We first spent time meeting all local organizations. We partner with them to select the most motivated participants and to learn about the pressing local issues. In fact, they often already know us through our e-magazine Myanmar Stories and the Yangon Photo Festival.


You mention fighting against fake news and hate speech: do you monitor the content of the work?
As fake news and hate speech on Facebook are widely used by nationalist movements and the military, the ‘dark side’ of social networks has become one of the main dangers threatening the democratic process in Myanmar (where Internet = Facebook).  A UN report has blamed the social network for its passive role in inciting the violence in Rakhine. At PhotoDoc, we do not believe that this situation can be resolved only by technology and regulations. By swamping user’s accounts with content tailored to their past browsing habits, the platforms have a tendency to quarantine users in bubbles of their own making. This kind of tribalism encourages bolstering each other’s egos and convictions rather than debate and critical thinking. The most efficient counter-attacks against the propagators of hate speech, fake news, and propaganda is media literacy in schools and teaching people to produce real stories strong enough to reach an audience as large as the haters.


I am surprised by the scope of the festival today: you mentioned that you are expecting about 300,000 visitors. How would you explain this success?
Thanks to the cooperation of the local government and different partners we can organize the exhibitions and screenings in the best locations to meet the largest audience; the park facing the city hall, the central Railway Station, Junction City megamall, the ferries on the river, and so on.


Do you make any distinction between artistic photographers and photojournalists within the festival? Which place occupies the sense of aesthetics, for example?
We are open to all kinds of photography, whether documentary or conceptual. What is important for us is for the photographers to be ‘concerned’ by social, environmental and human rights issues. There are more documentary works because this format is easier. Everybody with a strong story can produce a strong documentary. The best examples are the fantastic works produced during our workshops by people with disabilities, even mental disabilities. Conceptual work requires real creativity. It is very rare unfortunately.


Is there any curatorial statement or main theme that would drive all the events during the festival?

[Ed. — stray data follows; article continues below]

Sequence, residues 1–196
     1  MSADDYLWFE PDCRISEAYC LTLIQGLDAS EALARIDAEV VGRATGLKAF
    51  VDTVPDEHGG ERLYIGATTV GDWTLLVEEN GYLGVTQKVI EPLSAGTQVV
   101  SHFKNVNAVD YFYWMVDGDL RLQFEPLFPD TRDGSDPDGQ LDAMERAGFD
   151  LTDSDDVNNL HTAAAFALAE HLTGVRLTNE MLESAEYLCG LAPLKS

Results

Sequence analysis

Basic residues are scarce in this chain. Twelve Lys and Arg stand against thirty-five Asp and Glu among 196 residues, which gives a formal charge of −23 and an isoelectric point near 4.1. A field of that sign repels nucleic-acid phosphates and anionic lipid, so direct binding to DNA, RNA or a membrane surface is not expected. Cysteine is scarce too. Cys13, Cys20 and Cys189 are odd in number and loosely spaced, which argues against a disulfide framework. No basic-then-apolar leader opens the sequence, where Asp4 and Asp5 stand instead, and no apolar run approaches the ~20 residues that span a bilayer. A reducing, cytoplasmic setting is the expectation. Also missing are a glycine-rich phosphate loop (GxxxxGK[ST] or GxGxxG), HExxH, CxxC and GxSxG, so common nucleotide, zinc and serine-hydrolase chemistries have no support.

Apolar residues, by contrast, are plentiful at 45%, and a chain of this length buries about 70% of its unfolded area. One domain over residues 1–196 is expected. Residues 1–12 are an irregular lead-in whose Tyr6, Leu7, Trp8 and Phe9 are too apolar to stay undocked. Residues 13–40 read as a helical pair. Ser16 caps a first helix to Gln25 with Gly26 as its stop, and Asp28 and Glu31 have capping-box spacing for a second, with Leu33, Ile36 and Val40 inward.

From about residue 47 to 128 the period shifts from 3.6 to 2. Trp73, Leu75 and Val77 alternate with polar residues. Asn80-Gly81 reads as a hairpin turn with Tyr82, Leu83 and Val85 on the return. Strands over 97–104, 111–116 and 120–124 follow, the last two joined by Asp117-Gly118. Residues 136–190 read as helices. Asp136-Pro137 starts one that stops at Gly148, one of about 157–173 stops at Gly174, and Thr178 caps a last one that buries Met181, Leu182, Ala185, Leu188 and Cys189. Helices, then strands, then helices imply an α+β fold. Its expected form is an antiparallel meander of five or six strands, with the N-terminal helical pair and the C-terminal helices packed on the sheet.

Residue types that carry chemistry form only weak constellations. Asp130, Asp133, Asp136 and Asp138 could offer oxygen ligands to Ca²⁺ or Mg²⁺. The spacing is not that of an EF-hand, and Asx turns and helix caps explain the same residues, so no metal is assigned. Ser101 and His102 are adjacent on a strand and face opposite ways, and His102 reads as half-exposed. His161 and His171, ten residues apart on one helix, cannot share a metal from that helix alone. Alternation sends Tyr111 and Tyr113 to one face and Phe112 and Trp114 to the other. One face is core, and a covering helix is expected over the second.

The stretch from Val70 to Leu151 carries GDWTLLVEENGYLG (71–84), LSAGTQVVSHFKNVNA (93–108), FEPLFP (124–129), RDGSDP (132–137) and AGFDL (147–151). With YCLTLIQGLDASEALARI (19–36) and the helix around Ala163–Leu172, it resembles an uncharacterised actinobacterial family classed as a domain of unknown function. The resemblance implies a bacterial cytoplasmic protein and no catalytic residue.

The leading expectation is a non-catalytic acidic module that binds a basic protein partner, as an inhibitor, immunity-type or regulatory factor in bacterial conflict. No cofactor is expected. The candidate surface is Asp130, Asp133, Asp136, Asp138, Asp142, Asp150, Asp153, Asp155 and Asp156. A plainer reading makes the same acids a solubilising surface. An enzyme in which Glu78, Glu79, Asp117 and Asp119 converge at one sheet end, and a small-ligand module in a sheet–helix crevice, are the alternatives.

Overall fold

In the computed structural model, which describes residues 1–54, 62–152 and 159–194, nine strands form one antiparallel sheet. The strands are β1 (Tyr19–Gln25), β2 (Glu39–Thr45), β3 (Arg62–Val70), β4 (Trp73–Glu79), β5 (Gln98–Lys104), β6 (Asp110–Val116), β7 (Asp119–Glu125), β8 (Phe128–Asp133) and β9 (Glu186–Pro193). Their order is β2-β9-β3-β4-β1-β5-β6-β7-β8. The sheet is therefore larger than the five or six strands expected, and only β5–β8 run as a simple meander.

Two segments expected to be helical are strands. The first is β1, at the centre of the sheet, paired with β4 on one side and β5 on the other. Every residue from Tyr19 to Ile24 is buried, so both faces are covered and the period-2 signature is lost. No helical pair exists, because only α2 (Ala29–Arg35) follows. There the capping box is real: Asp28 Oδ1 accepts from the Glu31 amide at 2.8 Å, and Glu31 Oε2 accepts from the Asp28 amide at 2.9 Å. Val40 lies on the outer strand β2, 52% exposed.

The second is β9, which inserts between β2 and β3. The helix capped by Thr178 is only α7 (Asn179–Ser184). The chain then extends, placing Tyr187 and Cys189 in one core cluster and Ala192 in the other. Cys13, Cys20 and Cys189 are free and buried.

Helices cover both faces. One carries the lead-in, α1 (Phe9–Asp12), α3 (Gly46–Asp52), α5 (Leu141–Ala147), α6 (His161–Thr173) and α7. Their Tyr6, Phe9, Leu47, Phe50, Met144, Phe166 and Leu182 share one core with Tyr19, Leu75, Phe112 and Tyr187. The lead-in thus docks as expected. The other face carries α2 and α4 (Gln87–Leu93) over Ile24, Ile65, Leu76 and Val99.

Environmental issues, peace building, child labor and the fight against all discriminations.


Lewis W. Hine, Harold Walker, five years old, working in the cotton fields, Oklahoma, USA, 1916. Photo courtesy of Yangon Photo Festival.


What is the next step of your project?
After 12 years of experience successfully developing capacity building for Myanmar journalists, activists and VMGs (Vulnerable and Marginalized Groups), we believe that it is important to try extending the program to all children in schools. Today there is an estimated 20 million users of Facebook in Myanmar. Half are equipped with a smartphone and use a mixed language of text and images, with the later growing so rapidly that Facebook vice-president Nicola Mendelsohn has declared that by 2021 the social network would most probably be all photos and videos. In this new context, one of the priorities of the Myanmar education system should be to include media literacy and the visual language as soon as children start to use smartphones. Media literacy is to develop critical thinking and allow the children to decipher the flow of information. As for the visual language, it is still totally missing from the school programs. Children spend up to 10 years learning to read and write but they are not educated at all to express themselves with images.


Today, as we are overwhelmed by images, and acutely aware of what happens in many countries, we might feel powerless sometimes: do you feel socio-political photography can still be an agent of change?
Look at the success of Myanmar Stories, or our Facebook. The average number of viewers is more than a hundred thousand per video, with peaks up to 1.3 million. It is the proof that quality content can rival jokes and celebrities.



12th Yangon Photo Festival
19 February­ – 14 March, 2020
Various locations, Yangon, Myanmar




Caroline Ha Thuc is a French Hong Kong based art writer and curator. Specializing in Asian contemporary art, she contributes to different magazines such as ArtPress in France and Artomity/Am Post in Hong Kong.